Receiving CloudTrail log files from multiple accounts - Amazon CloudTrail
Services or capabilities described in Amazon Web Services documentation might vary by Region. To see the differences applicable to the China Regions, see Getting Started with Amazon Web Services in China (PDF).

Receiving CloudTrail log files from multiple accounts

You can have CloudTrail deliver log files from multiple Amazon accounts into a single Amazon S3 bucket. For example, you have four Amazon accounts with account IDs 111111111111, 222222222222, 333333333333, and 444444444444, and you want to configure CloudTrail to deliver log files from all four of these accounts to a bucket belonging to account 111111111111. To accomplish this, complete the following steps in order:

  1. Turn on CloudTrail in the account where the destination bucket will belong (111111111111 in this example). Do not turn on CloudTrail in any other accounts yet.

    For instructions, see Creating a trail.

  2. Update the bucket policy on your destination bucket to grant cross-account permissions to CloudTrail.

    For instructions, see Setting bucket policy for multiple accounts.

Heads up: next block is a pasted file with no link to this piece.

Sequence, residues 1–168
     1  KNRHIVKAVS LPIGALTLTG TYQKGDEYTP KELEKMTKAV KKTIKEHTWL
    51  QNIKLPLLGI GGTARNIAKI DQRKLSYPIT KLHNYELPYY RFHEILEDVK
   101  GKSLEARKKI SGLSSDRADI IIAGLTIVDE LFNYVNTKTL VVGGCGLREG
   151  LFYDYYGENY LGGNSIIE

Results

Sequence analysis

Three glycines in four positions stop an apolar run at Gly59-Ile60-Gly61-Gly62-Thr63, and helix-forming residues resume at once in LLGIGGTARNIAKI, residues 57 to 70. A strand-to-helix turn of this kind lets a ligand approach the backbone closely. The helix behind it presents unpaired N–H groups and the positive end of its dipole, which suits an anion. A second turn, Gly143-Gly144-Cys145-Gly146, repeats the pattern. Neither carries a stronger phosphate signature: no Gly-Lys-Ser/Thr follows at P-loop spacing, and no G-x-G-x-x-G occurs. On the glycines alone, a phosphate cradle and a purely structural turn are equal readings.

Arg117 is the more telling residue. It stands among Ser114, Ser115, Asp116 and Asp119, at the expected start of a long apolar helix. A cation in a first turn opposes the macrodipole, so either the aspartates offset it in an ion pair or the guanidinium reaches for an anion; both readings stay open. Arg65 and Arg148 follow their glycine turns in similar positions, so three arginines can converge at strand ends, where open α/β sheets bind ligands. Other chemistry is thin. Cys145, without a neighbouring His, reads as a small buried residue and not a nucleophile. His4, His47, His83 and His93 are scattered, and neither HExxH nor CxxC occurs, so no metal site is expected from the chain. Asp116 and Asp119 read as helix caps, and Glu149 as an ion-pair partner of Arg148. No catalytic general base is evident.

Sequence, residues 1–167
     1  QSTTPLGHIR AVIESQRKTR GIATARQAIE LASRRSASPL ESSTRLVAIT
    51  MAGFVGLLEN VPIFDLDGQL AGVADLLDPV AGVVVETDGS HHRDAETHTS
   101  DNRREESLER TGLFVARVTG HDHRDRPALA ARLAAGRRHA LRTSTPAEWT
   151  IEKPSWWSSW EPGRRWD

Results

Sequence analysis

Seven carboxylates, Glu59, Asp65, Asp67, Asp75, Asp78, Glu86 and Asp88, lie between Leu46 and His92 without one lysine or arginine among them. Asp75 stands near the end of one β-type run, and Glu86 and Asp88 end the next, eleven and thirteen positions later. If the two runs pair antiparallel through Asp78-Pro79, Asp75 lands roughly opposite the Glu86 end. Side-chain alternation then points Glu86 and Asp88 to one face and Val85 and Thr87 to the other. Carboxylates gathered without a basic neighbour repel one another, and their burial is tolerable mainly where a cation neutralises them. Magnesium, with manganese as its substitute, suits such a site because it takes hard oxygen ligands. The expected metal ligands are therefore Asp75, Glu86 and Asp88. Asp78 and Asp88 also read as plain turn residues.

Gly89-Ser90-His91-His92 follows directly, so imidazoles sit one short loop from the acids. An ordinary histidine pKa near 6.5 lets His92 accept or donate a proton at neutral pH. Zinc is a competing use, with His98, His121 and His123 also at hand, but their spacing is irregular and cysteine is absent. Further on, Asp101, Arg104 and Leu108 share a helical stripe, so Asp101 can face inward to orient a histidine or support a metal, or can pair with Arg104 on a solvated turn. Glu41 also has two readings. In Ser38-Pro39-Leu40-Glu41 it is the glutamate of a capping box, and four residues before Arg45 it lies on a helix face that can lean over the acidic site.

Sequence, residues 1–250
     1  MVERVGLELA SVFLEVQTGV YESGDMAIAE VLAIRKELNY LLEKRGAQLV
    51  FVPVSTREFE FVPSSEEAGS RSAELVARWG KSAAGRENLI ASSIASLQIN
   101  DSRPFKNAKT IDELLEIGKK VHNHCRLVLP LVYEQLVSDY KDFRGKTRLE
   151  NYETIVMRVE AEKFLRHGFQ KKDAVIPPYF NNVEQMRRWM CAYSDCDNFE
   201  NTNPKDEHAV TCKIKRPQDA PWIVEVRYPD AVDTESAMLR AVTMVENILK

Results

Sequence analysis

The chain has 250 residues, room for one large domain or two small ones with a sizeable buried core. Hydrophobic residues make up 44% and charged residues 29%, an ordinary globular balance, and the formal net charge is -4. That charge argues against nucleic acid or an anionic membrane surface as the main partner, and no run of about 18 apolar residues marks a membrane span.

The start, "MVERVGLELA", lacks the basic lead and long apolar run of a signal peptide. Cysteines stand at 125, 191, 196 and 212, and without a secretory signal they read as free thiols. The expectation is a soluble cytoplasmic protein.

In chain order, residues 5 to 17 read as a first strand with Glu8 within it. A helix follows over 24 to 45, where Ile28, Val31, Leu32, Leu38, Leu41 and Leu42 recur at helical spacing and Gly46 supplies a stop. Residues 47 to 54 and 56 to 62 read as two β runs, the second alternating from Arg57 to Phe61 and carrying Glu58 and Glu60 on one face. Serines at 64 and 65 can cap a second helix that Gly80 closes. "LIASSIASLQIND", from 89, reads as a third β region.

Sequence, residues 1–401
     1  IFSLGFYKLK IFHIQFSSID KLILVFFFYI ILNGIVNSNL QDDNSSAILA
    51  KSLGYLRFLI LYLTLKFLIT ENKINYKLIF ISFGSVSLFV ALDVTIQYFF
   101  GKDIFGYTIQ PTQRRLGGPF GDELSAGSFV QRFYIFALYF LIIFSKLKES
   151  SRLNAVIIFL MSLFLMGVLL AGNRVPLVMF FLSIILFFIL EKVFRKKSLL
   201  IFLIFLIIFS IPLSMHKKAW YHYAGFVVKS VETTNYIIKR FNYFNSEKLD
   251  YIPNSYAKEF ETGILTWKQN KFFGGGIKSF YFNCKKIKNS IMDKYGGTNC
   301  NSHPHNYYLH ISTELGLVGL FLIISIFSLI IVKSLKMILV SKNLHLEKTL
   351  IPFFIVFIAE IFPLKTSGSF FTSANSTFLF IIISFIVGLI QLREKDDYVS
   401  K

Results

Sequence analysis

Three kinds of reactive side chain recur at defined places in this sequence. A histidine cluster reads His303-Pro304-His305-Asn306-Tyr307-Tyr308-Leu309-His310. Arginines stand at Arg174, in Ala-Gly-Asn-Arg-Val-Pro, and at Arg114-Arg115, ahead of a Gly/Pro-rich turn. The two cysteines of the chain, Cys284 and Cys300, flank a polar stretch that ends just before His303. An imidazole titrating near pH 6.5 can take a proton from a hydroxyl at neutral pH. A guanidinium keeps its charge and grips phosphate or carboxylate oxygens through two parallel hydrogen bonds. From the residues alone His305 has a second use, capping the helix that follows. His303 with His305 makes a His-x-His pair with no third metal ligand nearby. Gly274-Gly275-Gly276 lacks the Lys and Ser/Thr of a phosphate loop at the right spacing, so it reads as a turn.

3. Turn on CloudTrail in the other accounts you want (222222222222, 333333333333, and 444444444444 in this example). Configure CloudTrail in these accounts to use the same bucket belonging to the account that you specified in step 1 (111111111111 in this example).

    For instructions, see Turning on CloudTrail in additional accounts.

Redacting bucket owner account IDs for data events called by other accounts

Historically, if CloudTrail data events were enabled in the Amazon account of an Amazon S3 data event API caller, CloudTrail showed the account ID of the S3 bucket owner in the data event (such as PutObject). This occurred even if the bucket owner account did not have S3 data events enabled.

Now, CloudTrail removes the account ID of the S3 bucket owner in the resources block if both of the following conditions are met:

  • The data event API call is from a different Amazon account than the Amazon S3 bucket owner.

  • The API caller received an AccessDenied error that was only for the caller account.

The owner of the resource on which the API call was made still receives the full event.

The following event record snippets are an example of the expected behavior. In the Historic snippet, the account ID 123456789012 of the S3 bucket owner is shown to an API caller from a different account. In the example of current behavior, the account ID of the bucket owner is not shown.

# Historic "resources": [ { "type": "AWS::S3::Object", "ARNPrefix": "arn:aws:s3:::test-my-bucket-2/" }, { "accountId": "123456789012", "type": "AWS::S3::Bucket", "ARN": "arn:aws:s3:::test-my-bucket-2" } ]

The following is the current behavior.

# Current "resources": [ { "type": "AWS::S3::Object", "ARNPrefix": "arn:aws:s3:::test-my-bucket-2/" }, { "accountId": "", "type": "AWS::S3::Bucket", "ARN": "arn:aws:s3:::test-my-bucket-2" } ]